Evergreen titles, sequels and upgrades continue to attract gamers around the world
E3, short for Electronics Entertainment Expo, was back in June. So were Nintendo's Mario, Donkey Kong and Pokemon, and Bayonetta, after a makeover. Nintendo lined up Super Mario 3D World, Donkey Kong Country: Tropical Freeze, Bayonetta 2 and The Legend of Zelda: Wind Waker HD for its Wii-U. It also flaunted — but wouldn't let you play — a new instalment in the series Super Smash Bros, featuring Mario, Mega Man and the yoga trainer from Wii-Fit. The Nintendo titles, along with open-world game X, will release before the year ends.
It's an upgrade, bragged Nintendo man Satoru Iwata. In Super Mario 3D and MarioKart 8 players will race upside down, Donkey Kong Tropical Freeze will have HD graphics. “For the first time in a 3D Mario game, we are offering a multi-player mode. Each character will have his own personality and gameplay style.” Overall, Super Mario 3D World is probably the closest sequel to Super Mario 64. You'll find Mario, Luigi, Toad and Princess Peach sporting the same abilities from the Nintendo-Entertainment-System classic. Donkey Kong Country: Tropical Freeze's gameplay is as frenetic as ever with plenty of bananas to collect. Bayonetta 2 has slick action, fantastical enemies, and Bayonetta appears with a whip to keep enemies at bay. It's a third-party exclusive for Nintendo. The Legend of Zelda: Wind Waker HD has improved art-work, sharper animation. Play it off-screen on the Wii-U Gamepad — Nintendo has added gamepad-specific gameplay features.
Great, but that's another Mario, another Zelda, another Pokemon. Is Nintendo stuck in the past, refusing to change? The question split my respondents down the middle. Embarrassment for you, Nintendo, cried the naysayers. Why would you HD an old game rather than make a new one? Why Wind-Waker and not Majora's Mask or Twilight Princess? Nintendo must quit relying on 20-year old characters to keep them afloat, they grumbled. Only Pokemon can be continued with any justification. These upcoming games lack the magic and wonder the classics did, can never match the wonderfully-designed launch titles. Nintendo needs something new, not sequels! We can't live on spin-offs! “Wonder what prompted Nintendo to create a HD remake of Zelda: The Wind Waker,” lamented game reviewer Matthew O'Mara. “Why put a high dynamic range filter on the GameCube classic?”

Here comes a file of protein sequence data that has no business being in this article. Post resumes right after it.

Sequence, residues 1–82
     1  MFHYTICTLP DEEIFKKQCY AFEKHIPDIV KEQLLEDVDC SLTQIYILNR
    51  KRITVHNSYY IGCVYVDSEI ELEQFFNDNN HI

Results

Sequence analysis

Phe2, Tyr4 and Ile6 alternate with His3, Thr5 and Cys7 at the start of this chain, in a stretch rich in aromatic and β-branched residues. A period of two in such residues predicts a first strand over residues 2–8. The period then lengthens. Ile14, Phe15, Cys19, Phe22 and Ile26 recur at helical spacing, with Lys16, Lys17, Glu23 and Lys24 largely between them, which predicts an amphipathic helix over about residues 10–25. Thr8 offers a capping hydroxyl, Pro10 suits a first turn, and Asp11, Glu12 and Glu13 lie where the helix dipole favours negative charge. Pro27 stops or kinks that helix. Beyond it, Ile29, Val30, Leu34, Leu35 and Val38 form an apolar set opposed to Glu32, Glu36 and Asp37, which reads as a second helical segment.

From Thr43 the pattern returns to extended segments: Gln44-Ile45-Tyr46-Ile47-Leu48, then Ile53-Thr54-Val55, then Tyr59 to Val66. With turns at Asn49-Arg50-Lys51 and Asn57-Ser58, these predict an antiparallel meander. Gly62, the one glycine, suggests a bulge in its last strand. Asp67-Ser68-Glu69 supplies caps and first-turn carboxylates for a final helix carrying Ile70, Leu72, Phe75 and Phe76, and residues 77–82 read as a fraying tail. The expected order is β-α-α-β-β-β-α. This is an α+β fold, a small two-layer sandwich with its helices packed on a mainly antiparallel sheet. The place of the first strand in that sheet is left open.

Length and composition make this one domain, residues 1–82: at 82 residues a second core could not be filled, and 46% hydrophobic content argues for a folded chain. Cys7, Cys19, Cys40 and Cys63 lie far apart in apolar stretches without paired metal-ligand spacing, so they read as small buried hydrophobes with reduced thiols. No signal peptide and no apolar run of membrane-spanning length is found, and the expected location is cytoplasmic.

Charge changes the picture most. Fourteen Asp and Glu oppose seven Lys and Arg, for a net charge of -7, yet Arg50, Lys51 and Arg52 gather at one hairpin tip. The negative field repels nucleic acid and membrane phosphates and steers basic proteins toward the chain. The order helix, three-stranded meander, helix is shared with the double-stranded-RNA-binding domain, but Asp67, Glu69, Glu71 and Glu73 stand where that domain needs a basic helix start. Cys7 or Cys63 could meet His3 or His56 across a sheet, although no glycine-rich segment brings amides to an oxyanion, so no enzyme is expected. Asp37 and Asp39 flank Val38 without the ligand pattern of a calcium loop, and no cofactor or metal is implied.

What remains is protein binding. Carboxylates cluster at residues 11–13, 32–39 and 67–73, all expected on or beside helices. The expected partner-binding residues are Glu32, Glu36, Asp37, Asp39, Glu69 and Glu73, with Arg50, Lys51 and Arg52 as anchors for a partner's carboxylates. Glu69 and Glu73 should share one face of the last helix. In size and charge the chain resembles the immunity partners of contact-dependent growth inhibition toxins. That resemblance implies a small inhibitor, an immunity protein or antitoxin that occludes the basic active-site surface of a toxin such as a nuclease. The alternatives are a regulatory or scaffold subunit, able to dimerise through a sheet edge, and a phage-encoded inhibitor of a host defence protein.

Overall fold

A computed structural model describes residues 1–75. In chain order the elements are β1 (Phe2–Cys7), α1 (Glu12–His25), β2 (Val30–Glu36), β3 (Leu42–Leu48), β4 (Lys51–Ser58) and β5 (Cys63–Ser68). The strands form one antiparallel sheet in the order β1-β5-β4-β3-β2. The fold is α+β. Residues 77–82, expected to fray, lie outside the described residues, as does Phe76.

Hey, said a gamer taking his eyes off the screen to glare at me, “That's only one-two per Nintendo, you know how many Assassin's Creed, Call-of-Duty, Madden we get per system? Even Uncharted has more!” Yeah, said his friend, eyes glued to Warcraft, “Grab a DS LITE and buy Mario & Luigi. Bowser's Inside Story is so insanely fun, it's a different RPG, and uses the console in clever ways. I can't recommend it more!” Economics, said Gamer #1. Like it or not, the larger gaming community buys sequels en masse. Mario 3D-Land caused a sales boom on 3DS. And why do you think Wii massively outsold both PS3 and Xbox-360? A few people don't like Mario and Zelda doesn't mean Nintendo should stop putting out their biggest sellers that consistently shine in the top-10 games? Where is the logic here?
Mario, Donkey Kong & Pokemon are timeless characters, argued Swami Venkat, Founder & CEO, iNexGen Games. “It's great news for gaming aficionados. The tech upgrade in game designs and gameplay actually help players improve skills while providing ultimate fun and satisfaction.” Their appeal extends to all — non-experts, hardcore gamers — across age groups. “Those who enjoyed these games as kids in the 80s are parents now, playing their favourite games with their children. Some of the new games support collaborative multi-player gameplay, making them family/party games.” Even those who hate games love Mario & Donkey Kong, he said. Such is the appeal of those immortal characters.
“Well, everyone has loved the goofiness and the interesting platform mechanics of Mario and Pokeman,” said Naren Pradhan, teen gamer. “Bayonetta has an interesting aesthetic, and fluid and entertaining action gameplay (and plenty of sex appeal).” His own affair with Pokemon ended with its diamond version, but “my sister still loves it.”
Old series return because of public opinion, he said. Unlike in films, games-sequels can often be a lot better than their predecessors. For one thing, sequels can be an opportunity to fix gameplay issues seen in the originals and implement brand new elements. For example, everybody loved Halo 3, Final Fantasy 7, Batman: Arkham City (sequel to Batman: Arkham Asylum.) “Brand new games often either disappoint with their new mechanics, or are accused of being carbon copies of other series. It is safer to make sequels to already popular series so that the main path of creation is simpler, and critical backlash is light,” he said.